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Israel Horovitz: A Life and Career in Greenwich Village

Greenwich Village, known for its rich artistic heritage, has long been a haven for writers, musicians, and creative innovators of all stripes. Among the notable figures who have forged a life and a career here is Israel Horovitz (March 31, 1939 — November 9, 2020), a prolific playwright, screenwriter, and director whose time in Greenwich Village significantly shaped his work and legacy.

Israel Horovitz

Born in Wakefield, Massachusetts, in 1939, Israel Horovitz moved to New York City in his early twenties, drawn by the magnetic pull of artistic pursuits. The Village, with its eclectic mix of artists, intellectuals, and free spirits, offered a fertile ground for Horovitz’s burgeoning creativity.

Greenwich Village in the 1960s and 1970s was a hive of cultural activity, where boundaries were pushed, and new artistic movements were born. Horovitz immersed himself in this vibrant scene, frequenting iconic venues like the Village Vanguard and Café Wha? where he mingled with poets, musicians, and fellow playwrights.

It was amidst the backdrop of the Village that Horovitz found his voice as a writer. His early works, characterized by raw emotion and sharp social commentary, resonated with the countercultural ethos of the time. Plays like “The Indian Wants the Bronx” (1968) and “Line” (1974) captured the essence of the human experience, exploring themes of alienation, power, and identity. These works were often performed in Off-Broadway and Off-Off-Broadway theaters, such as the 13th Street Repertory Theatre, where the intimate settings allowed for a deep connection between the actors and the audience.

Israel Horovitz’s play “Line” was a staple of the 13th Street Repertory Theatre. As the longest-running play in Off-Off-Broadway history (it ran there for over five decades), “Line” captivated audiences with its sharp wit, dark humor, and profound exploration of human nature. The play is deceptively simple. It unfolds within the confines of a single setting: a queue. Five characters vie for the first position in line, employing a range of tactics from manipulation and deceit to camaraderie and aggression. The play’s brilliance lies in its ability to transform this mundane scenario into a microcosm of society, where the characters’ actions reflect broader themes of competition, power, and the human condition.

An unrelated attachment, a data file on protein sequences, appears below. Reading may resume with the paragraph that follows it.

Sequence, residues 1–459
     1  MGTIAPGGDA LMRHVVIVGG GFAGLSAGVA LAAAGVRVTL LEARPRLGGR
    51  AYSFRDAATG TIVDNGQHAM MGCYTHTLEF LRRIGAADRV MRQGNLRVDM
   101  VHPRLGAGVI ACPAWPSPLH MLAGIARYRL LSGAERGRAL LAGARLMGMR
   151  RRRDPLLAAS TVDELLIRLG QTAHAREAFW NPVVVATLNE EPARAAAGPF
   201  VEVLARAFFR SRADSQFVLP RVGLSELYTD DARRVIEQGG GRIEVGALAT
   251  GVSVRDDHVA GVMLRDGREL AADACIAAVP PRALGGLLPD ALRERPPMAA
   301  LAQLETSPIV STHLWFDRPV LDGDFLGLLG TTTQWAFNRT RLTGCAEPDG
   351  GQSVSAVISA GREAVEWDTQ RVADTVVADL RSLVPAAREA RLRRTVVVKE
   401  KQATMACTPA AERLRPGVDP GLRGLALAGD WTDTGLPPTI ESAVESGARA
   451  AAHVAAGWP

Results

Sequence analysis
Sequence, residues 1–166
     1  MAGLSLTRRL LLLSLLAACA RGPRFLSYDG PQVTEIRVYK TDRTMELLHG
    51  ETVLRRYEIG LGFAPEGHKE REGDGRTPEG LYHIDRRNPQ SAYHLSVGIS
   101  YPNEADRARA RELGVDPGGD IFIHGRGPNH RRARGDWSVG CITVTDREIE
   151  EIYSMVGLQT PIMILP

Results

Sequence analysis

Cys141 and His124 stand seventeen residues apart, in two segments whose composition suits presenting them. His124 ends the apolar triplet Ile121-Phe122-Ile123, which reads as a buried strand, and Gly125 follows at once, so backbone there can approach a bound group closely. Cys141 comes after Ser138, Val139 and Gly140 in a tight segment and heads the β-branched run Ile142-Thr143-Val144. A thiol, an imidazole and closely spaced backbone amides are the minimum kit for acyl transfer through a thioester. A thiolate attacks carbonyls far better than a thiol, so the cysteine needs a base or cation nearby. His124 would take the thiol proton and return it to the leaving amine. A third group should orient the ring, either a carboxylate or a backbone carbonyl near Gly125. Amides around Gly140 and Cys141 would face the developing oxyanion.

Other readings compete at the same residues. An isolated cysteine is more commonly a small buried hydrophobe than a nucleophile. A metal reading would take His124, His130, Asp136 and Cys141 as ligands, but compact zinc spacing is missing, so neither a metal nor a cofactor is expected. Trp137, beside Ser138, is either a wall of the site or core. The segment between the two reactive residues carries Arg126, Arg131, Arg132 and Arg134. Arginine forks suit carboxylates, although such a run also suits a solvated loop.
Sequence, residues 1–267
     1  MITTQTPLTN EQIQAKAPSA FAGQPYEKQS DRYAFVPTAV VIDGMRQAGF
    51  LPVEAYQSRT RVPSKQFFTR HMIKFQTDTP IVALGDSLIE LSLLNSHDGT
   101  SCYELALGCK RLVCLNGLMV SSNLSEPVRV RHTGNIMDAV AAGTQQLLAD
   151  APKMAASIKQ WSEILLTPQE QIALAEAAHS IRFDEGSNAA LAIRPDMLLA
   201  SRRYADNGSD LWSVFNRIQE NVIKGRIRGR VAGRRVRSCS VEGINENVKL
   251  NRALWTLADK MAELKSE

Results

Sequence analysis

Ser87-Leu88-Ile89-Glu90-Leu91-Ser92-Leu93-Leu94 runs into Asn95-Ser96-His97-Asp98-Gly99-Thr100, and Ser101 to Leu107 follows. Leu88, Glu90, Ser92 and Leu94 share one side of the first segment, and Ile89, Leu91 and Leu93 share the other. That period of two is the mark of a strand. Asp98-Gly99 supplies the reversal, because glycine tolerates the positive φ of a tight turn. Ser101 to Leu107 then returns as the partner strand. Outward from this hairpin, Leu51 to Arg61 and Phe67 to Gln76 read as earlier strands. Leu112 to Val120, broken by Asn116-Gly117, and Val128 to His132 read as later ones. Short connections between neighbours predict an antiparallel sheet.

The characters—Fleming, Stephen, Dolan, Molly, and Arnall—are archetypal yet deeply complex, each driven by their own motivations and desires. Their interactions blend absurdity and realism, capturing the essence of human behavior in a way that is at the same time entertaining and provocative. Through their struggles to claim the first spot in line, Horovitz exposes the often irrational and contradictory nature of human ambition and desire.

The longevity of “Line” at the 13th Street Repertory Theatre is a testament to the play’s enduring appeal and the dedication of the theater’s community. Over the years, countless actors have taken on the challenging roles in “Line,” each bringing their own interpretation and energy to the characters, ensuring that the play remains fresh and engaging for new audiences.

Israel Horovitz lived at 146 West 11th Street for many years, raising his family there, including his son, Adam Horovitz, founding member of the Beatie Boys.

146 West 11th Street

Israel Horovitz’s career in the arts was illustrious. He wrote over 70 plays, many of which were performed internationally. He was a towering figure in American theater whose influence extended beyond the stage, as he ventured into screenwriting and directing, further cementing his status as a versatile and talented artist. However, despite his professional success, Horovitz’s reputation began to unravel in 2017 when multiple women came forward with allegations of sexual misconduct. While these allegations were not adjudicated before his death in 2020, Horovitz himself issued a statement acknowledging the allegations, saying, “I apologize with all my heart to any woman who has ever felt compromised by my actions, and from the bottom of my heart, I am truly sorry.” But separating the art from the artist is a complex and challenging process. Horovitz’s plays continue to be studied and performed albeit with a heightened awareness of the troubling aspects of his life.

Village Preservation has proposed and fought for landmark designation of 50 West 13th Street, the historic home of Horovitz’s play “Line,” since the 2020 death of longtime co-owner of the building, Edith O’Hara. Her demise left the fate of the iconic structure in doubt. But recently, after a hard-fought 4-year campaign led by Village Preservation, 50 West 13th Street received a unanimous calendaring vote from the Landmarks Preservation Commission and is now officially on its way to obtaining landmark status. The enduring legacy of 13th Street Repertory Theatre is an integral and vital component of New York City’s theatrical history which we have fought to recognize and preserve.

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